A New Robotic Frontier: Air Hockey

Designed as a technology demonstration, a puck-whacking robot may soon challenge you on your home turf

Stroll by a strip mall arcade or the local Dave & Buster's, look behind the noisy kids playing Dance Dance Revolution, and you'll likely spot an air hockey table. Like Pac-Man and the maddening claw game, air hockey remains unchanged and everlasting. Two facts seem to endear us to the floating puck: 1) everyone thinks they're good at the game but 2) nobody knows for sure. Nowhere in the sports landscape are so many goals scored upon oneself. A 6-0 victory in one game is reversed in the next battle, thanks entirely to Lady Luck. But when you compete against the Air Hockey Bot 1000 (AHB-1000), a career once dictated by fickle fortune can finally be tested against formulaic consistency.

The second coming of air hockey was born from an unlikely source. Nuvation is a company that offers a variety of electronic design services, helping corporations develop everything from MP3 players to space shuttle components. The San Jose-based company was originally contracted by Freescale Semiconductor to create an air hockey robot, to demonstrate the difference in speed between its 8-bit and 32-bit microprocessors. Two months later, with just three employees dedicated to the project, the first prototype of the AHB was demonstrated at a technology forum sponsored by Freescale. The response has Nuvation considering commercialization.

"There's been so much excitement and interest about it," said principal design engineer Mohan Gurunathan. "We're talking about various possibilities, expanding into arcades or amusement parks and building other games. The response has been overwhelming and we're still trying to get our bearing on where to go with this."

The technology within the robot is as surprisingly simple as the game it dominates. The system can be broken down into three components: the vision system, the intelligence, and the actual robot. The vision system consists of an off-the-shelf machine camera (a model often used for assembly line inspection) mounted eight feet above the table. The camera is encircled by a custom array of lights directed onto the playing surface. A professional-grade puck is then covered with reflective tape, similar to that often seen on backpacks or running shoes. During play, the vision system locates the puck, defined as the center of the bright light, 100 times per second. That location is relayed to the computer, where an algorithm determines the expected path of the puck. The engineers developed the algorithm based on theoretical calculations, taking into account spin and energy loss in conjunction with a series of controlled tests. An off-the-shelf industrial robot (designed to paint, seal, and sand parts) is then instructed to move to the expected location. According to Nuvation, the robot can't move as fast as the human hand (just 4 meters per second), so save your excuses.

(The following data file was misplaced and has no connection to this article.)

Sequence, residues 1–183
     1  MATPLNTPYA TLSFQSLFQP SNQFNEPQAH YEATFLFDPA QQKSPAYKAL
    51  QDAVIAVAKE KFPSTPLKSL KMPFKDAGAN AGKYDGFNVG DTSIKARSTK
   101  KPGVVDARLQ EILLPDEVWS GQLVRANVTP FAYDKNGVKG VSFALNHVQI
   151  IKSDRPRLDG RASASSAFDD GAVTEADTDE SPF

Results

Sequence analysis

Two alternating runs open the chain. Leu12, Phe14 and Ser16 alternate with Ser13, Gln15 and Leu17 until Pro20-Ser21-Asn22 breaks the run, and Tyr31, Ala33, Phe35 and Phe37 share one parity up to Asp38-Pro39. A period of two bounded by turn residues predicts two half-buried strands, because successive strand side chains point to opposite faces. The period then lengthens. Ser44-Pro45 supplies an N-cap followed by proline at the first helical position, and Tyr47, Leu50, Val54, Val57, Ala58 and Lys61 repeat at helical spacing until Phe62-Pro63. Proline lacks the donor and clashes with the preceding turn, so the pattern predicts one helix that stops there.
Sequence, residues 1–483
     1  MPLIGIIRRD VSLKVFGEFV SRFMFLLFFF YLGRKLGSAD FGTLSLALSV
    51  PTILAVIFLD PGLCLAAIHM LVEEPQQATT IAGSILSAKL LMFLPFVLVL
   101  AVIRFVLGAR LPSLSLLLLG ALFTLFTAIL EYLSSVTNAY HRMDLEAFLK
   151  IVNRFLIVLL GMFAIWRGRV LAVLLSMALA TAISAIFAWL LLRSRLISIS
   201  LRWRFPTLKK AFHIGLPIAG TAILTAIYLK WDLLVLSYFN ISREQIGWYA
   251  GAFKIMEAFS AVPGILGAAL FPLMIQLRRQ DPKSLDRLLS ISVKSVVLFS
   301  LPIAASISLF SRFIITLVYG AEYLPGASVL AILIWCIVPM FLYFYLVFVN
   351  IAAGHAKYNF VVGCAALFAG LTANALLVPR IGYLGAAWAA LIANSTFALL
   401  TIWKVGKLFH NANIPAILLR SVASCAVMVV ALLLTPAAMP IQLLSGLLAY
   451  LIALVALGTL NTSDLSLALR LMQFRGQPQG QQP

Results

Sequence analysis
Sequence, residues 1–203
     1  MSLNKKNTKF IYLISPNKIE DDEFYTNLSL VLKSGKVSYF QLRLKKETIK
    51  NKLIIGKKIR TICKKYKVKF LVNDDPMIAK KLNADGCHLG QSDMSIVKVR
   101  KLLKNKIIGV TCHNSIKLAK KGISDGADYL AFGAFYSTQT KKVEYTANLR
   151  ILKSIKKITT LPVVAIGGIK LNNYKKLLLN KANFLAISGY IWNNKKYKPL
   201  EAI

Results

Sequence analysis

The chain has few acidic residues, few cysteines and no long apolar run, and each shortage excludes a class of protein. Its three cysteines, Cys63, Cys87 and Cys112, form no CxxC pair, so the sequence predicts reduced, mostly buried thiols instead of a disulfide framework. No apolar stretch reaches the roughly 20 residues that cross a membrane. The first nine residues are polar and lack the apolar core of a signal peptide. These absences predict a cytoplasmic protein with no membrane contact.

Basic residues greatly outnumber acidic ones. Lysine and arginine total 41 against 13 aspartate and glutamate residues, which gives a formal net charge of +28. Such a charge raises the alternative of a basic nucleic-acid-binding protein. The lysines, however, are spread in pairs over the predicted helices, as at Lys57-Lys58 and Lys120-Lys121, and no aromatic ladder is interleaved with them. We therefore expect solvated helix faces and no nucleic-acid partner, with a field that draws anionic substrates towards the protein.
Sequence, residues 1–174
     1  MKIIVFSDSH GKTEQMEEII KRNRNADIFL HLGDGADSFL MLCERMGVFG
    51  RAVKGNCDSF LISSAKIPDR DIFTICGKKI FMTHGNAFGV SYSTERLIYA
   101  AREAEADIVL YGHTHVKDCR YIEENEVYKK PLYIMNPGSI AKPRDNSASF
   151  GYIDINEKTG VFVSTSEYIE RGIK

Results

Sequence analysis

The robot's offensive prowess is (currently) a bit less sophisticated than its defensive game. Once the computer determines the puck is no longer a scoring threat, the robot flips to swat mode. The swat maneuver is arbitrarily directed away from its home goal and does not yet calculate an optimal path or a complicated bank shot. To win, the robot instead relies on a favorite sports mantra of coaches nationwide -- the best offense is a good defense. During the Freescale forum, the cliché held true.

"It scored on its own every now and then," said Gurunathan. "But more often people would get so frustrated trying to score that they would score on themselves because they stopped playing any defense."

Ah, but even robots must contend with the agony of an own-goal. While the robot can block anything in sight, a puck which travels beneath the robot arm, and therefore out of sight from the camera, can confuse the computer, causing it to accidentally score on itself.

Gurunathan surveyed previous attempts at air hockey robots and is confident the AHB is the fastest and most capable to date. Easily accomplishing its original intent of showing differences in processors (8-bit was much slower), development focus has shifted towards creating a market-ready product. Improving the user interface is paramount; installing a more imposing offensive gameplan should be easy. Even the behind-the-arm flaw will likely be fixed before anyone pops in four quarters for a dose of humility. With each enhancement, Gurunathan will have a group of semi-pro air hockey-ers in the San Francisco area push the computer to its limits.

Semi-pro, eh? I'll take my chances.